I started watching and reading stories of transgender kids who had known they weren't their assigned gender since they were very young, and this bothered me. I wasn’t like that.
Not everyone's story is the same. There is no “normal” situation. It doesn't matter how late or early you are in discovering a part of yourself.
Growing up I always knew there was something off about me, like the elephant in the room, but growing up in a small Mormon community kept me in a bubble. You were the gender you were born as, and boys can only like girls, and vice versa.
I didn't really question it, I had no reason to; well, that is, until I reached puberty. Everyone knows what happens to girls: breast development and menstruation. Once those hit, I felt horrible about my body, and would hide my chest and just feel uncomfortable. I began to question my gender, but was in heavy denial and tried to ignore it. The denial lasted for years.
I realized I wasn't a girl when I was in eighth grade.
I met a group of friends, most of whom were queer. They opened my eyes to the possibilities; however, I was still in denial about being a boy, so I identified as non-binary for a while. That felt way better than being a girl, but I still felt incomplete somehow. A few months later, I finally admitted to myself that I was a boy. It was really hard, emotionally and mentally. Coming out to my parents was the scariest thing. I knew that they wouldn't be mad, but there's always that fear of being rejected or told how I'm wrong.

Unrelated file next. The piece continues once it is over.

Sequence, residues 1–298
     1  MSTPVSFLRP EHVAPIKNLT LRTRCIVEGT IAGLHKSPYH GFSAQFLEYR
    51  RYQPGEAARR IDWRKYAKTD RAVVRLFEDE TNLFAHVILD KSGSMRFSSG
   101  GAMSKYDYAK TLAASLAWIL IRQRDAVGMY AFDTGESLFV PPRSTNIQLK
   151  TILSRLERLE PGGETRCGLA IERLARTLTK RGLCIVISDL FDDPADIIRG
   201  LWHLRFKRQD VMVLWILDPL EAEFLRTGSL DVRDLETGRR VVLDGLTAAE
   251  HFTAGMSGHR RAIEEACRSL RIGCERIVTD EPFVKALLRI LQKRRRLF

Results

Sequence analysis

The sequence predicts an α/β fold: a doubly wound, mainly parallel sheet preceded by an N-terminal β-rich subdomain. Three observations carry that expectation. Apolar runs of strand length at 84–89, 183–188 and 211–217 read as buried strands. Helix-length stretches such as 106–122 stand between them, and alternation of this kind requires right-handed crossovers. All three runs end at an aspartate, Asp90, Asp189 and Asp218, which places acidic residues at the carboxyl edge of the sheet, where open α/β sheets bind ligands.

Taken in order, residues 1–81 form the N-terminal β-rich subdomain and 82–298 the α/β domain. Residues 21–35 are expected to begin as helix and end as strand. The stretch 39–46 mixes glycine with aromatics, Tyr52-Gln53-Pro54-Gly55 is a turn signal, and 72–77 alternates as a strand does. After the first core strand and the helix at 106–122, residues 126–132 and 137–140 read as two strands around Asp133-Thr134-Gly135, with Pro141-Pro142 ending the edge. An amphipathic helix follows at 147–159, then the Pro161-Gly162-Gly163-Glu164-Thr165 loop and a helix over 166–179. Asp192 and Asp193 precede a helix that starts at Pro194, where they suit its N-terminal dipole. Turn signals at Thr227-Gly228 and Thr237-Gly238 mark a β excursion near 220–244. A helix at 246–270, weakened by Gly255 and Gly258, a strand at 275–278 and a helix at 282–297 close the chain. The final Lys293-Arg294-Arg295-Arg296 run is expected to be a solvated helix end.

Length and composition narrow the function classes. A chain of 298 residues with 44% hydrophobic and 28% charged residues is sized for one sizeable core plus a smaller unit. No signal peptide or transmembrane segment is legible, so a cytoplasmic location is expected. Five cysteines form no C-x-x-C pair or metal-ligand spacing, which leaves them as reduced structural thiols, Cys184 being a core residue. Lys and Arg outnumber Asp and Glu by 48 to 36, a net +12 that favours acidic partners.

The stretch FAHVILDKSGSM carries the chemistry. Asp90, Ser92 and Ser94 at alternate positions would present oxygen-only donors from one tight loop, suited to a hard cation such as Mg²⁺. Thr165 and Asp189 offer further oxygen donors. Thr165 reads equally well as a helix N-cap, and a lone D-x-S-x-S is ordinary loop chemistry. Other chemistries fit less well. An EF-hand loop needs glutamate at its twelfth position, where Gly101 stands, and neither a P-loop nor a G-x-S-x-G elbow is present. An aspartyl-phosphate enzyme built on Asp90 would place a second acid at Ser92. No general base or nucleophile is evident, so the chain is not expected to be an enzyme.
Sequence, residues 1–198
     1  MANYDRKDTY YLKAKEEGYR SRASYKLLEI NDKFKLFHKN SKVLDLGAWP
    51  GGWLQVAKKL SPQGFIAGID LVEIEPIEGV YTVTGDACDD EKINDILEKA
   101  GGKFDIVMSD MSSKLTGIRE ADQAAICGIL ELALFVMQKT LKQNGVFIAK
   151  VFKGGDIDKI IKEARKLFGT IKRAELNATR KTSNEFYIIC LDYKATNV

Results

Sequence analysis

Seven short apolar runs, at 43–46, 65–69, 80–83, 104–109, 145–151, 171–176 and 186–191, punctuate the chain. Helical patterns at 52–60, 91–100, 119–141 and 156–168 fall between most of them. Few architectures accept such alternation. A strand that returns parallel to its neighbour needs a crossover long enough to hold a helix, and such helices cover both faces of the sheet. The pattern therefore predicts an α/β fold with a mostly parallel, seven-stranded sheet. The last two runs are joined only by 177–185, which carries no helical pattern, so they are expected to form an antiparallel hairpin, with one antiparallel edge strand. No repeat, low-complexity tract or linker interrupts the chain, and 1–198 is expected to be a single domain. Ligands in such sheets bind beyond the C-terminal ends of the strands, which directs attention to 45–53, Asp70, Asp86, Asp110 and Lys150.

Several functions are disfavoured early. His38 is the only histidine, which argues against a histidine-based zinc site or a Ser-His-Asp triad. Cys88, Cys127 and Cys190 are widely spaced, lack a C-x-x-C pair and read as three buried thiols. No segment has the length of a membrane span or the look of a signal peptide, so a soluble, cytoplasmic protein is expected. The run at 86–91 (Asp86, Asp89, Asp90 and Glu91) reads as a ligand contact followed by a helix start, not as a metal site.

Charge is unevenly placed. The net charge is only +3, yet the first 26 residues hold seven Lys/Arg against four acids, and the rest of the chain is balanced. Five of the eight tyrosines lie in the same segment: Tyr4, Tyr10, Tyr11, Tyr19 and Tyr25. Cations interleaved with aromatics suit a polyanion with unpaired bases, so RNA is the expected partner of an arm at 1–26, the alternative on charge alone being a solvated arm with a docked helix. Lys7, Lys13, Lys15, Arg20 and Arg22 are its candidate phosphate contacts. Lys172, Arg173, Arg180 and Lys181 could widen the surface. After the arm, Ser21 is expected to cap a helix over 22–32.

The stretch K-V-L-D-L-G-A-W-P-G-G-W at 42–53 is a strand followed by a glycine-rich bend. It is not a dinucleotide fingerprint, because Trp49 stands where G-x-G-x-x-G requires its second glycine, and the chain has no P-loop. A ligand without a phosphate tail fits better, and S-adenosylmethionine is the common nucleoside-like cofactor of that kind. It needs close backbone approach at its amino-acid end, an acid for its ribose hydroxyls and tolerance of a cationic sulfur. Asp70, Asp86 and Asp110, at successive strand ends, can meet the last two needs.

Once I started to accept myself as a trans man, I was met with another instance of doubt. I started watching and reading stories of transgender kids who had known they weren't their assigned gender since they were very young, and this bothered me. I wasn’t like that.
I was and still am a very feminine kid; I have always loved pink and everything girly. But learning about the “normal” story of other trans kids made me feel less valid.
I began questioning myself again. I thought, “What if this is a phase after all?”
My friend Carter, who is also a trans man, helped me realize that I am perfectly valid. He once told me he was also a “late bloomer,” so to speak. It made me feel less out of place. And since then, I have felt more comfortable and happier with myself and my identity.
The main point I want to get across with this story is that not everyone's story is the same. There is no “normal” situation, whether you're trans, gay, bi, pan, ace, or anything else. It doesn't matter how late or early you are in discovering a part of yourself. This is for the late bloomers!